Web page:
BELMONT, Massachusetts — Staying at the forefront of today’s global economy requires a workforce trained in science, technology, engineering and math. While STEM initiatives in developing countries vary in scope, size, funding sources and target population, having a unified fund to promote these areas is a crucial growth driver.
“According to the UNESCO science report 2010, African countries had an average of 164 researchers per million people in 2007, more than six times lower than the world average of 1,081 researchers per million.”
The consequences of limited STEM funding range from the inability of universities to retain science lecturers, to set up and maintain well equipped laboratories and to provide scholarships for low income students interested in science and technology.
According to the 2010 UNESCO Science Report and the 2012 OECD Science, Technology and Industry Outlook, Africa’s contribution in the area of research and development is very low, totaling 1 percent of the world’s investment in research and development and 1.5 percent of global scientific publications. This is accompanied by the grim reality of professional exodus, with a figure of 20,000 skilled workers a year since 1990. This rate has remained consistent since then despite an increase in external funding sources.
The availability of funding sources is not, however, the sole issue. Indeed, the European Union provides funding to Africa that adds up to the same amount given to Latin America and Asia combined.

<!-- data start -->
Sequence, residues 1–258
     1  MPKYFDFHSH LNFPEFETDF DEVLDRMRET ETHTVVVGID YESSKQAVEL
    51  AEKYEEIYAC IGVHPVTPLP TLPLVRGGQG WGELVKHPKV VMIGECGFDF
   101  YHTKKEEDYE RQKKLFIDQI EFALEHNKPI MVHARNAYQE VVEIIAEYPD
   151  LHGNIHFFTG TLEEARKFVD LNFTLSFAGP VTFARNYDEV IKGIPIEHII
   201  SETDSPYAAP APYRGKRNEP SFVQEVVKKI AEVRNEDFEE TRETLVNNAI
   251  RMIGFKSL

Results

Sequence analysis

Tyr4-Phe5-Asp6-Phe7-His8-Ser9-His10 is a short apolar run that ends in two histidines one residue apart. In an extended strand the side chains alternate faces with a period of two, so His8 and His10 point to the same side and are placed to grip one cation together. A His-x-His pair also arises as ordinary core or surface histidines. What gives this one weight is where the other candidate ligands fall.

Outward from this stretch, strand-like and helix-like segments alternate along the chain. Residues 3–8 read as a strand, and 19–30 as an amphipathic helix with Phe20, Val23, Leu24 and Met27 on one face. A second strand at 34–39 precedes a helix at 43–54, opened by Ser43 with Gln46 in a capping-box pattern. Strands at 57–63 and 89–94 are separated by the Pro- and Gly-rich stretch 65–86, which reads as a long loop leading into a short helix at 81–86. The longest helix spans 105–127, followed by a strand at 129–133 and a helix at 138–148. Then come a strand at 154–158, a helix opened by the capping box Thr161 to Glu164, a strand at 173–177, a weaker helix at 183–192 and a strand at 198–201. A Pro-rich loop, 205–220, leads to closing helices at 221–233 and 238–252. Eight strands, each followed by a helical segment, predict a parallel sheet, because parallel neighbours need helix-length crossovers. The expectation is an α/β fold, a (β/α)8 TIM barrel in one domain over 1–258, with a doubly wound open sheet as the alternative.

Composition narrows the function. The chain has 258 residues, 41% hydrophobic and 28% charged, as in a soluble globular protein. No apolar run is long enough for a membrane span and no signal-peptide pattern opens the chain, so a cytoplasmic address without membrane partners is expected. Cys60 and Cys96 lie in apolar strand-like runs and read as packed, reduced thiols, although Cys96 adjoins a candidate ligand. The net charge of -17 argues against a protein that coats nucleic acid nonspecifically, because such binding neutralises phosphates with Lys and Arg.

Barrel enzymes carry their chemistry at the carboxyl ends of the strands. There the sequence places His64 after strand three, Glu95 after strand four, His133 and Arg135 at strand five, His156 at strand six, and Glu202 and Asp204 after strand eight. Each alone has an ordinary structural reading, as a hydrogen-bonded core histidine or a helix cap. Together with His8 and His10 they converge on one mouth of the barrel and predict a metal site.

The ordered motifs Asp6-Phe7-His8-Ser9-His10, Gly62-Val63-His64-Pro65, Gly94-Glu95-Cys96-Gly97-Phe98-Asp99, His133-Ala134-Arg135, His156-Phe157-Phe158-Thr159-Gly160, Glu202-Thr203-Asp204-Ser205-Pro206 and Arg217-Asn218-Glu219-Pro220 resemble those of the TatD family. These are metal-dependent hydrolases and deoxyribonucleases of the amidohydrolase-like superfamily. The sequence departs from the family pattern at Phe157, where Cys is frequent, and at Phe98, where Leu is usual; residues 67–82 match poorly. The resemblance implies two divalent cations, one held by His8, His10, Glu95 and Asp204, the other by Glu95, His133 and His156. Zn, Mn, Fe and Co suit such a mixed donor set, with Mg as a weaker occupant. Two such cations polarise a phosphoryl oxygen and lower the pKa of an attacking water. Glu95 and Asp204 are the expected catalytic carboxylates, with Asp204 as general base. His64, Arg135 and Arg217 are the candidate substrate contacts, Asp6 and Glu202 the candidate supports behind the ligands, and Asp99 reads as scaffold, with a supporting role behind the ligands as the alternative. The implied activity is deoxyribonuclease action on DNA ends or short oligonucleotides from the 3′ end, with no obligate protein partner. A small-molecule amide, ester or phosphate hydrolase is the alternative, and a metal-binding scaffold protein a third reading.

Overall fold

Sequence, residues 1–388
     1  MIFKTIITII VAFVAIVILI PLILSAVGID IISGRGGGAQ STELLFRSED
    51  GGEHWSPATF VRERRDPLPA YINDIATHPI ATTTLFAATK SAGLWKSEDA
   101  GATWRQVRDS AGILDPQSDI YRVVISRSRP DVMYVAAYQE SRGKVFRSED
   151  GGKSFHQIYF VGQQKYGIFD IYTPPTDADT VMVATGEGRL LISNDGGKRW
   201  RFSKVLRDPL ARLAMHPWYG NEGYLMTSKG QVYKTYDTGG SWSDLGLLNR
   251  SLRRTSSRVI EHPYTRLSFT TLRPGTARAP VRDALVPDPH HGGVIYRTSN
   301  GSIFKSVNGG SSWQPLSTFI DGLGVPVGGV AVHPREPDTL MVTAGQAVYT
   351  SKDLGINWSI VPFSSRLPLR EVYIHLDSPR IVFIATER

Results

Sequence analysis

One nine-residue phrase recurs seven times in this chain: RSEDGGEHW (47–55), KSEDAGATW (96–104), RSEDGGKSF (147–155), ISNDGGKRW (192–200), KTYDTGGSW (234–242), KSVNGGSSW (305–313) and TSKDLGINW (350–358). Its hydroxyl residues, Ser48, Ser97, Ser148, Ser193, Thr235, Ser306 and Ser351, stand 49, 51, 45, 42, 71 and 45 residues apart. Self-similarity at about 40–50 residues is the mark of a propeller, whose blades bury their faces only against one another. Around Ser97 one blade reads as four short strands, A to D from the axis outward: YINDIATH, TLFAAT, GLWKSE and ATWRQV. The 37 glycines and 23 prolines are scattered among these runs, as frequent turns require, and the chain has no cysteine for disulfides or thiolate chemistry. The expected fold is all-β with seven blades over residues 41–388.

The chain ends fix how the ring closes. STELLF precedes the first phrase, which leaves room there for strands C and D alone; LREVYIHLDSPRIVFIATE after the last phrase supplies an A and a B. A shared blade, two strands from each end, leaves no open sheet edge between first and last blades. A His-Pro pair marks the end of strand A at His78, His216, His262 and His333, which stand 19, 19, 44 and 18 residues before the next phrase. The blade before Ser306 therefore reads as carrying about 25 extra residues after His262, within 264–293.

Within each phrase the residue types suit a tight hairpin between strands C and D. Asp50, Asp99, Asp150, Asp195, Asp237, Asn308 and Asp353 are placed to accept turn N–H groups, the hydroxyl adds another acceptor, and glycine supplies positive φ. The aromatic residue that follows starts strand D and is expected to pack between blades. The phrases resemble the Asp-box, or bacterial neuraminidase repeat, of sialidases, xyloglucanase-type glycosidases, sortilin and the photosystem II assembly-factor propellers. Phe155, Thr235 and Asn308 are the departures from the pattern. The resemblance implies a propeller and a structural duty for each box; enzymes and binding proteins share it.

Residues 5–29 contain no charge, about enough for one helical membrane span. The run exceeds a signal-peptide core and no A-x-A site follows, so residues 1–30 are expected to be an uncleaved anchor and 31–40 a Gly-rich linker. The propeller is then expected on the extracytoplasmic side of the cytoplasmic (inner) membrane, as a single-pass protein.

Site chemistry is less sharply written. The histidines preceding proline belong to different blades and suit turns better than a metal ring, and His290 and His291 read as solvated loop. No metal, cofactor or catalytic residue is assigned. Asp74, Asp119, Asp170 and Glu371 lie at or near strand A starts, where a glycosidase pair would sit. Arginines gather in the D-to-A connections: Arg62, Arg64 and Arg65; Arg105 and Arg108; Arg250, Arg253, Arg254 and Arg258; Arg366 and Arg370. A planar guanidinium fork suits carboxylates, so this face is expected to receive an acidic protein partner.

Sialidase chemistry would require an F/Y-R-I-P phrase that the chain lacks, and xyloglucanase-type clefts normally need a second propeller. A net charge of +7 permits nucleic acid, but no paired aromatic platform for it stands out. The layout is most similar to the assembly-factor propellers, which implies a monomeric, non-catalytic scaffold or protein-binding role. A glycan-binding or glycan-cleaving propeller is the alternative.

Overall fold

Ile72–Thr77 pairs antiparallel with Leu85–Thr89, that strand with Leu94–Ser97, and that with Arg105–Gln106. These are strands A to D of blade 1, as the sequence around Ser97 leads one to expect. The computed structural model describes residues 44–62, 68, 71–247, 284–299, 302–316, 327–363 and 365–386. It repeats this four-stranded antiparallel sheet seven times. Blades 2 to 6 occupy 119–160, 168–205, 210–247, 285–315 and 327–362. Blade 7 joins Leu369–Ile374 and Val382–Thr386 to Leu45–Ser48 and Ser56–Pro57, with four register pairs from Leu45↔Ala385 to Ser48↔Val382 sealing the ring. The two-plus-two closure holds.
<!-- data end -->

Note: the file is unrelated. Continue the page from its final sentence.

“Constantly injecting money into African research without prioritizing investment in its wider scientific ecosystem by supporting infrastructure development is proving to be a short-sighted and limited solution for expanding Africa’s role in global science and addressing the continent’s economic and social concerns.”
The idea of a global STEM fund was proposed by Fanuel Muindi and Moytrayee Guha, which would unify existing national and international funding sources. However, to elevate the impact of such an initiative would require investment by governments, NGOs, private firms and academic institutions.
Muindi and Guha argue that there are many organizations that stand to benefit from this initiative. To mention a few: the NGO Cosmos Education, the STEM Innovation Camp in South Africa, the African Institute for Mathematical Sciences and the Bunengi STEM Africa.
Besides the unification of financial support for STEM initiatives, a global fund provides other solutions for the promotion of science. A STEM fund also promises to increase accessibility and quality of science education. Another problem that can be addressed through a global fund is quality improvement and centralization of data on existing science and technology programs.
Centralization of data would also allow the continuous monitoring and updating of data to understand what works and what does not. This is also a measure that addresses the duplication of programs and cuts waste.
This allows for a number of programs with similar goals to come together and work around a central mission. “One example is the 100Kin10 initiative in the United States, which hosts more than 150 organizations that share the goal of training 100,000 new STEM teachers by 2021.”
Putting science and engineering on the right track in Africa will depend on the ability of governments and other major stakeholders to work together to improve accessibility and quality of STEM education. This will also be a matter of making the right decisions to fit global and national goals.